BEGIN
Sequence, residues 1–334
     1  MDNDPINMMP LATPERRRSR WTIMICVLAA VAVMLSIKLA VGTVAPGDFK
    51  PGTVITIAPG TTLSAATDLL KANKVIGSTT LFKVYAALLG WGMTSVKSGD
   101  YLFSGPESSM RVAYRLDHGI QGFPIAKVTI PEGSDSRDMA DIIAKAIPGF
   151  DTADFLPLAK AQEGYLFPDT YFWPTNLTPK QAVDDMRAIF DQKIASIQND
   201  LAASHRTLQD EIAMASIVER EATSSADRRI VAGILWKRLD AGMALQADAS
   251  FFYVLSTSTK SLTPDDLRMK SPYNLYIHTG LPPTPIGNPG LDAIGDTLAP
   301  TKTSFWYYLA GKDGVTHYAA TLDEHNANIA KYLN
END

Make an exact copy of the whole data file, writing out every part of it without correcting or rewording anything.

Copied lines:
Sequence, residues 1–334
     1  MDNDPINMMP LATPERRRSR WTIMICVLAA VAVMLSIKLA VGTVAPGDFK
    51  PGTVITIAPG TTLSAATDLL KANKVIGSTT LFKVYAALLG WGMTSVKSGD
   101  YLFSGPESSM RVAYRLDHGI QGFPIAKVTI PEGSDSRDMA DIIAKAIPGF
   151  DTADFLPLAK AQEGYLFPDT YFWPTNLTPK QAVDDMRAIF DQKIASIQND
   201  LAASHRTLQD EIAMASIVER EATSSADRRI VAGILWKRLD AGMALQADAS
   251  FFYVLSTSTK SLTPDDLRMK SPYNLYIHTG LPPTPIGNPG LDAIGDTLAP
   301  TKTSFWYYLA GKDGVTHYAA TLDEHNANIA KYLN